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A History of England Principally in the Seventeent

She had never seen Courtenay but once in her life


But,

after all, the result of these elections was not such as to make a complete return to the Papal authority probable. The Emperor Charles, who mainly guided the Queen's steps, warned her from attempting it. She had prayed him to communicate to her the Pope's declarations issued in favour of her hereditary right: he sent them to her, but with the advice to make no use of them, since they might involve her in difficulties without end. It seemed to him sufficient if the Parliament simply repealed the enactments which had formerly been passed respecting the invalidity of her mother's marriage with her father. In the bill which was drawn up on this point in the Upper House it was merely stated that the marriage, in itself valid and approved by the wisest persons of the realm, had been made displeasing to the King through evil influences and annulled by a sentence of Archbishop Cranmer, on whom the greatest blame fell. To many men this seemed already going too far, since together with the dispensation the old church authority was again recognised: but as there was not a word about the Pope in it, this was less apparent: the bill was passed unanimously. The act might be regarded as a political one. On the other hand religion was very directly affected by the proposal to repeal the alterations in the church service which had been introduced under Edward VI, and to abolish the Common Prayer-book. On this ensued the hottest conflict. Once the proposal had to be laid aside: when it was resumed,
the debate on it lasted six days: a third of the members were steadily against it. But in the majority the opinion again prevailed that Henry VIII's church constitution--retention of the Catholic doctrines and emancipation from the Papacy--was the most suitable for England: a resolution was carried to the effect that only such books as were in use under Henry VIII should be henceforth used in the church. The new forms of divine service, which contained a clearly marked body of doctrine, were abolished and the old ones restored.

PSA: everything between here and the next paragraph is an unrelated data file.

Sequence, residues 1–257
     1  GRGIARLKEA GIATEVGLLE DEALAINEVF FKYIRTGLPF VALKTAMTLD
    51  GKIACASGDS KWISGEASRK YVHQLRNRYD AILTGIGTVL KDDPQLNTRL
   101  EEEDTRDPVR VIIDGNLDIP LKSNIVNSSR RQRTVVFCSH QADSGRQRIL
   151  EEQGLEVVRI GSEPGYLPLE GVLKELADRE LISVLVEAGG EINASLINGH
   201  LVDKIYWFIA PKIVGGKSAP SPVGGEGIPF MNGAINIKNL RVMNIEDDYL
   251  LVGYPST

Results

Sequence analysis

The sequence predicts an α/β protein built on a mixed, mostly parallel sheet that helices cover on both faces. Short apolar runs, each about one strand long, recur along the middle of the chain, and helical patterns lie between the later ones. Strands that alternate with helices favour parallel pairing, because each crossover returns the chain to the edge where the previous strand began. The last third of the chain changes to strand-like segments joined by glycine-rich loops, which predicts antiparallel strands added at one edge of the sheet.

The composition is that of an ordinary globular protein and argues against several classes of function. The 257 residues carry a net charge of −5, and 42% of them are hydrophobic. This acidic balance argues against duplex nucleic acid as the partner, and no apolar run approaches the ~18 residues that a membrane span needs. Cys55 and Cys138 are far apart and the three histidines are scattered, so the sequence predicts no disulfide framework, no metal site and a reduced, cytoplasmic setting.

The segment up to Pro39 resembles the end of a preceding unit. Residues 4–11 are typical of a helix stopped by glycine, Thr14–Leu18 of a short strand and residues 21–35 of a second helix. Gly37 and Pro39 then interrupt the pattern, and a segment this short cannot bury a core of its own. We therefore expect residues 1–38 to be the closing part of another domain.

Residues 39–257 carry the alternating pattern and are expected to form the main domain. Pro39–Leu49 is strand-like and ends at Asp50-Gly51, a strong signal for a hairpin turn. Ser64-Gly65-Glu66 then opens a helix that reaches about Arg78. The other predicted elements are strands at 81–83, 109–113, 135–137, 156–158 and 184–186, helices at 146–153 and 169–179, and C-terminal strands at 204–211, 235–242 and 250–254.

The position which the Parliament took up in relation to another scarcely less important question coincided with this sense of national independence.

It was a very widespread wish in England that the Queen should give her hand to young Courtenay, son of that Marquis of Exeter who had himself once thought of marrying Mary against her father's wishes. He was a young man of suitable age, handsome figure, and mental activity; Mary had not merely freed him from the prison in which her brother had kept him, but also endowed him with the Earldom of Devon, one of his father's possessions; in this act many saw a token of personal inclination. Bishop Gardiner was decidedly in his favour, and we can conceive how a great ecclesiastic, who had the power of the state in his hands, wished to altogether exclude every foreign influence; he of course knew that Courtenay would also conform in church matters.

Gardiner spoke once with the Queen about it and was very pressing: she was absolutely against it. The old chronicle is entirely in error when it repeats the then widespread rumour of Mary's inclination for Courtenay. Mary told the Imperial ambassador that she was altogether ignorant of what love was; she had never seen Courtenay but once in her life, at the moment when she released him. She intended to marry, since she was assured that the welfare of the realm required it, but not an Englishman, not one who was a subject. As in other things, so in this, she requested the Emperor to give her his advice.


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